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Table Table 4..  Mean Values Used in Fig. 1 to Illustrate the Interaction Between Activity Group and Calcium Intake on Changes in BMC over the 12-Month Study Period
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BMC among infants in the gross motor group was negatively associated with compliance with the activity program (p = 0.05): those infants who were more compliant and tolerated the activities had a lower BMC at 18 months of age compared with infants who did not tolerate the activities. Figure 2 shows the least square means of BMC for 18-month-old infants adjusted for mean calcium intake over the study period and weight and height at 18 months of age. Compliance is given as the mean proportion of days that the infant tolerated the activities moderately well to well.

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Figure FIG. 2.. There is a significant relationship between BMC at 18 months of age and mean compliance over the study period in infants in the gross motor activity program (p = 0.05). Compliance is defined as the proportion of days the infant participated moderately well to well in the activities. Least square means are shown, adjusting for weight and height at 18 months of age and mean calcium intake over the study period.

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DISCUSSION

  1. Top of page
  2. Abstract
  3. INTRODUCTION
  4. MATERIALS AND METHODS
  5. RESULTS
  6. DISCUSSION
  7. Acknowledgements
  8. REFERENCES

Over the last decade it has become clear that the risk of developing osteoporosis is dependent on both the rate at which bone is lost late in life and the peak bone mass attained by the end of the second decade of life. There have been reports of factors affecting bone mass accretion around the time of puberty,(7-9,22) and trials of calcium supplementation in this age group have been reported(23,24); however, little is known about factors associated with bone mass accretion in infants and toddlers.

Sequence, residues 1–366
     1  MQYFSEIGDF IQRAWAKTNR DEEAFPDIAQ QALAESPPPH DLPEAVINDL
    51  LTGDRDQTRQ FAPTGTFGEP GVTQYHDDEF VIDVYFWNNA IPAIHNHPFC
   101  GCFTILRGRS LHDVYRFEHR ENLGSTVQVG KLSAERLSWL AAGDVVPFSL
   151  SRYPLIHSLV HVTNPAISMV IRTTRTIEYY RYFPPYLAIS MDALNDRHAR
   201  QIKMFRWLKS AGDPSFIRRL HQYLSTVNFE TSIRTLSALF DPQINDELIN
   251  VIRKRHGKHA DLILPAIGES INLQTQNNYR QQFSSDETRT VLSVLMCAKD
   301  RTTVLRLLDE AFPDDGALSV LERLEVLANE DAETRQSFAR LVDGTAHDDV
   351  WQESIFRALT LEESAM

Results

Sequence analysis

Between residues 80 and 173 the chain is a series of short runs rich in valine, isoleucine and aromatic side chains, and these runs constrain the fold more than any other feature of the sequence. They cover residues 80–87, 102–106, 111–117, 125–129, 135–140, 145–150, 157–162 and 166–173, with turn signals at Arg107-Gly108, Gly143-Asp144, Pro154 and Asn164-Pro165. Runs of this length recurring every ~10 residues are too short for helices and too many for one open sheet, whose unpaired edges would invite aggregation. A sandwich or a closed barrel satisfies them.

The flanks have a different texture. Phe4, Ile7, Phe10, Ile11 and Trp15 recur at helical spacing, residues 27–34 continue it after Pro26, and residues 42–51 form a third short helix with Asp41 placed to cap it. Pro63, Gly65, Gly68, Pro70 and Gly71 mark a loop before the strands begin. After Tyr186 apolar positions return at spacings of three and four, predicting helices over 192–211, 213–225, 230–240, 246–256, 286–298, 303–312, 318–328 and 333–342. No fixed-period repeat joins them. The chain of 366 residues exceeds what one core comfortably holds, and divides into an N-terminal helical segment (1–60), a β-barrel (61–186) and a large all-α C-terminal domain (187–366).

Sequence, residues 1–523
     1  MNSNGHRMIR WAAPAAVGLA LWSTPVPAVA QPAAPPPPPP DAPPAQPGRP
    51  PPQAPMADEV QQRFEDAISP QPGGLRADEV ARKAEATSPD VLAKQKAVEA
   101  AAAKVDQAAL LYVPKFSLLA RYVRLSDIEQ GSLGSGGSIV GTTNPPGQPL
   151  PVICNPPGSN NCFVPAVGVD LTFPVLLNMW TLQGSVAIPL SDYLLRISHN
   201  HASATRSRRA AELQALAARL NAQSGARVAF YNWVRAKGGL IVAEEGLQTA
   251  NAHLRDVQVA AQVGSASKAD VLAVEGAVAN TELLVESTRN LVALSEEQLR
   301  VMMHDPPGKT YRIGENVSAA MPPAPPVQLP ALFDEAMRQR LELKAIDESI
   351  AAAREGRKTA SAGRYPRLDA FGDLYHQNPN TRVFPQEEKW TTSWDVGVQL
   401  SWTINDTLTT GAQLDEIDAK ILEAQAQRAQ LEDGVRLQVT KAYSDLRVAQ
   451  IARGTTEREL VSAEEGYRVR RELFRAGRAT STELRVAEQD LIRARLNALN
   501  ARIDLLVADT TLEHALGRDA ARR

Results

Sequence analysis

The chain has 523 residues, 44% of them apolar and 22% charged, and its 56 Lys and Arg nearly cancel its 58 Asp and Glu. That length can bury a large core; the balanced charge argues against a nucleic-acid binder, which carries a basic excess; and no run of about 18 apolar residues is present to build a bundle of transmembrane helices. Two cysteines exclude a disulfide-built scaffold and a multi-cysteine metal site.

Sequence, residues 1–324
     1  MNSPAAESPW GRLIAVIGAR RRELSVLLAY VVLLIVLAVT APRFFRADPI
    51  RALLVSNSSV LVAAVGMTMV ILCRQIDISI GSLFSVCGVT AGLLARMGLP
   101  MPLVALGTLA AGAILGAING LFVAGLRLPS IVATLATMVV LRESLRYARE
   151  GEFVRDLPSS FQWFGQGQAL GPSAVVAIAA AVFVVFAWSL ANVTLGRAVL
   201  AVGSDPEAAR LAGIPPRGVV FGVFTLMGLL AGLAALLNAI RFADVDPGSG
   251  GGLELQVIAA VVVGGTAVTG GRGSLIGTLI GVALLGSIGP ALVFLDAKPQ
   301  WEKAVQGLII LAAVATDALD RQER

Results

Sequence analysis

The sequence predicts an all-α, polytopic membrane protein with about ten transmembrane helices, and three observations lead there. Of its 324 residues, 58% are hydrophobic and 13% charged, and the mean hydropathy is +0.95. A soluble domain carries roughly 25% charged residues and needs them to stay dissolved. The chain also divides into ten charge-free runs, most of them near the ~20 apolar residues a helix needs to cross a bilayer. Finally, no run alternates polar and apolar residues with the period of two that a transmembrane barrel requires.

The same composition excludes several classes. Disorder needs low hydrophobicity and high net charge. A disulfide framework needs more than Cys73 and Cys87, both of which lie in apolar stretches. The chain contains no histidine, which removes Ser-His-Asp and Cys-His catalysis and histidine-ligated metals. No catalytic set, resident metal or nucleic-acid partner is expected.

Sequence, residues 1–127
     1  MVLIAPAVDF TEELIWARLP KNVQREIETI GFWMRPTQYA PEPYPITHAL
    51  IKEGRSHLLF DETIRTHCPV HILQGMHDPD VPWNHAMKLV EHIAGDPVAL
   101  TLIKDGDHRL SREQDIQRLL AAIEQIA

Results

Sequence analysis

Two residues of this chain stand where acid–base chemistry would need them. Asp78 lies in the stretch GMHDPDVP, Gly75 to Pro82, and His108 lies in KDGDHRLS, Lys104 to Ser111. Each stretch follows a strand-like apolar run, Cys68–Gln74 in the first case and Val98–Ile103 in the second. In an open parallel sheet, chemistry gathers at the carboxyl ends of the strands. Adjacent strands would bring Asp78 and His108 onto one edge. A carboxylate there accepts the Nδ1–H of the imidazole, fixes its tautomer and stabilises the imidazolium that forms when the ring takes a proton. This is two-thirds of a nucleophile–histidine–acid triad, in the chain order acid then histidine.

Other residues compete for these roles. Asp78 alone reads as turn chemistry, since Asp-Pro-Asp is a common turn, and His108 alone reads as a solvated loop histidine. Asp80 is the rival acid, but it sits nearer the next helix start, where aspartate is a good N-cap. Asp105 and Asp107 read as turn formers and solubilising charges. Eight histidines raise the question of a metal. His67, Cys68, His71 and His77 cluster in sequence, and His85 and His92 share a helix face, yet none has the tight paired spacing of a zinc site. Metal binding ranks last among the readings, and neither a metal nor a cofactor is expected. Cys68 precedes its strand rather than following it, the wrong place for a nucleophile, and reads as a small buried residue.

We previously reported a greater increase in bone mass among infants fed a moderate mineral-containing formula during the first 6 months of life compared with infants fed either a low-mineral–containing formula or human milk.(25) However, when these infants were rerandomized at 6 months of age to either a moderate-mineral– or high-mineral–containing formula there was significant catch-up, resulting in no differences in bone mass among the feeding groups by 1 year of age. The infant's BMC at 12 months of age was related to the diet in the first 6 months of life and not the second 6 months. In the original design of this study, we tried to maintain similar calcium intakes among the infants by supplying the same infant formula to all participants between 6 and 12 months of age. However, we did not control the timing of the introduction of solids or the amount or type of solids given. We found that even adjusting for caloric intake and body weight there was an association between calcium intake at 6–12 months of age and BMC at 12, 15, and 18 months. The current findings are consistent with our previous study that showed a significant effect of earlier calcium intake on BMC in infants and toddlers, and we suggest that future studies of BMC in these age groups consider obtaining information on previous calcium intake in their design.